2017 Montana Prize for Fiction – Author Rick Bass will serve as the judge for this fourth annual $1000 prize.
Once a year, Whitefish Review offers a $1000 prize, winner-takes-all, for the best story submitted to our fiction contest, judged by author Rick Bass.
What Rick looks for in a submission: "I'm so hungry for good stories, I will simply choose the best submission regardless of theme. That said, Shakespeare reported that all literature is about loss....so the odds are that the winning story will look at loss in some way. But who knows? Surprise me. What makes me smile when I read a good story? The basics. Beauty. Attentiveness. Crystalline specificity in an era of great uncertainty. The basics. Hold the adverbs."
Notes from Rick Bass
I'm not telling you anything you don't already know, but reading this year's round of prize story finalists-selected and forward to me by Whitefish Review's distinguished roster of readers (a task that grows ever-more yeoman as WFR continues to establish itself as a journal of national quality), I'm reminded of how the hardest and best work is never really finished. Instead, it proceeds beneath the surface, intricate and enduring, while up above, the rest of us go about our lives with a kind of muted awareness, just living our lives, sometimes small and other times grand, but not really thinking about what's going on below.
What is going on, however, emerges here, now, after six months of sleep. The writers have been writing, every day, and the editors have been editing, and the readers have been reading.
This steadiness of purpose reminds me somehow of what William Faulkner is reputed to have said when someone asked him if he worked with regularity and the iron rigor of discipline, or if, being a genius, he instead just worked when he was inspired and the Muse was speaking to him.
"Oh, I only write when I'm inspired," he is reported to have said. "But I make sure I'm inspired every morning at nine a.m."
This is the work ethic, and ethos, of Brian and Lyndsay Schott, and all the volunteers at WFR. While the community sleeps, they are hard at it-through good days and bad-moving forward to bring us each issue, with the goal of becoming always better. They work in service to us, beneath the surface, and then appear, as if coming up from a hibernation, one that is not hibernation at all, but something like hope eternal, seeking to express itself in the community.
But you probably already know that. The community is doing a fantastic job of nurturing this little national treasure. Mr. Faulkner himself might have said that no work is ever wasted.
There were a bundle of worthy stories in this year's fiction competition-more than usual. In the end, for me, two were left standing, jockeying with their elbows for a place in my heart. "John Duffy" and "Wolves" are in some ways eerily similar, with their ancient themes of innocence diminished, and estrangement. The late John Gardner reminded us that there are really only two stories in the world-a man or woman goes on a journey, or a stranger rides into town-and I'll leave it to you to decide which of these two each story is, or if they are an amalgam of both.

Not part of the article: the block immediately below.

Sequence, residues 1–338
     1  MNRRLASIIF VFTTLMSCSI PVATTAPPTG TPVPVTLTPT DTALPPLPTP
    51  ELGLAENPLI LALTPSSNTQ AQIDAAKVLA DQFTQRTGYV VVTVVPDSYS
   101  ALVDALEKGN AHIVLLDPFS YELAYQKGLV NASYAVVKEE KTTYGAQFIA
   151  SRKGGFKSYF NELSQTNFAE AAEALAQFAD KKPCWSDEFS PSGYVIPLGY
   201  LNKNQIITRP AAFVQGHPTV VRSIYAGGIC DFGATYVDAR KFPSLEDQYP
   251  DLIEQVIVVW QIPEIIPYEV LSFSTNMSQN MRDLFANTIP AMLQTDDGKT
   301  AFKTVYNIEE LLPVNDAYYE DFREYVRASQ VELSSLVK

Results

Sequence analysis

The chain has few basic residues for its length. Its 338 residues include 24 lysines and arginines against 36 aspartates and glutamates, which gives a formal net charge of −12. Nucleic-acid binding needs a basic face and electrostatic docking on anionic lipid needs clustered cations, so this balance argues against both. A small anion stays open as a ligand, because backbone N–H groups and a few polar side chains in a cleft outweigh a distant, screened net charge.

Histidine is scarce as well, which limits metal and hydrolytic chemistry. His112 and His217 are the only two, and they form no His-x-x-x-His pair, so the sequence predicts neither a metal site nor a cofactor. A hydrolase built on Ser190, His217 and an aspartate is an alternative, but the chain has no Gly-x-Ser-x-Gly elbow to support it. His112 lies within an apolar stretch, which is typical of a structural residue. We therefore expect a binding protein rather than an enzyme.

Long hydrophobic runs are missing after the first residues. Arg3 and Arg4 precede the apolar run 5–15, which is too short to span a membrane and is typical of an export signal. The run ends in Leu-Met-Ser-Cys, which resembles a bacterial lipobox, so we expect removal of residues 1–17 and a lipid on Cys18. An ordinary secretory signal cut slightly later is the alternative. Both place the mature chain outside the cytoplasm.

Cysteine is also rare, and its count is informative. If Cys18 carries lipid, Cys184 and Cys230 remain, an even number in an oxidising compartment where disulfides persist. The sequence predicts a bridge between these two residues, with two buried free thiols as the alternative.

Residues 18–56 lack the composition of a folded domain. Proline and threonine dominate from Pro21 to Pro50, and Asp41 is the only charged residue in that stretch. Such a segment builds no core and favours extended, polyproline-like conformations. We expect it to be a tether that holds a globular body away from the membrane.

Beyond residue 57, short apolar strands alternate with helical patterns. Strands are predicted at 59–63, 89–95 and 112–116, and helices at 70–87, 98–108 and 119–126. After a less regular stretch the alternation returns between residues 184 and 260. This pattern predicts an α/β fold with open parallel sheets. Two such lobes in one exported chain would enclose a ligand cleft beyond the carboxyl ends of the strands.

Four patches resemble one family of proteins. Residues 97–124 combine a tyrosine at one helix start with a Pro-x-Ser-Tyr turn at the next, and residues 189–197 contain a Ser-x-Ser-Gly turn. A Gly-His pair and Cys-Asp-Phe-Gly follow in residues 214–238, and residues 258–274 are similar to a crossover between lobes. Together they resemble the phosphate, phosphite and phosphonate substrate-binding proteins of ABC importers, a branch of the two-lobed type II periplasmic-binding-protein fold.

I like to ask myself, as a reader and a writer, What's at stake here? in any story. In "John Duffy," a young woman looks for the first time, it seems, with widening clarity at the world beyond her. In "Wolves," the runner-up, that same new look is directed more within. Both are powerful visions and stories, told with the most delicious technique I know, specificity. "No ideas but in things," William Carlos Williams reminded us.
In the end, I chose the story of betrayal, though again both are moving, technically deft and honest, true, vital, resonant.
Judging is always a crapshoot-no roll of dice was ever less determinant than the whims of any judge. Speaking for "John Duffy," part of my appreciation has to do with the most elemental parts: word choices, sentence rhythms, reaches and ambitions staying within the confines of the story, the situation. In "John Duffy," I love the steady, invisible tenderness the omniscient narrator, and by clean extension then, the reader, has for the girl, the young woman. It's a lovely piece of work.
These are hard times, right now, divided and troubling times, like we haven't seen in a while. Stories and art matter at least as much now as they ever have. In the presence of ugliness, beauty is ever-more important. I'm grateful again for all the stories submitted, and for the staff and community support of Whitefish Review. The team continues to work at all hours, in all seasons, publishing vital stories of fear, desire, celebration, hope: the whole package, really, of the human experience, in seas both calm and turbulent.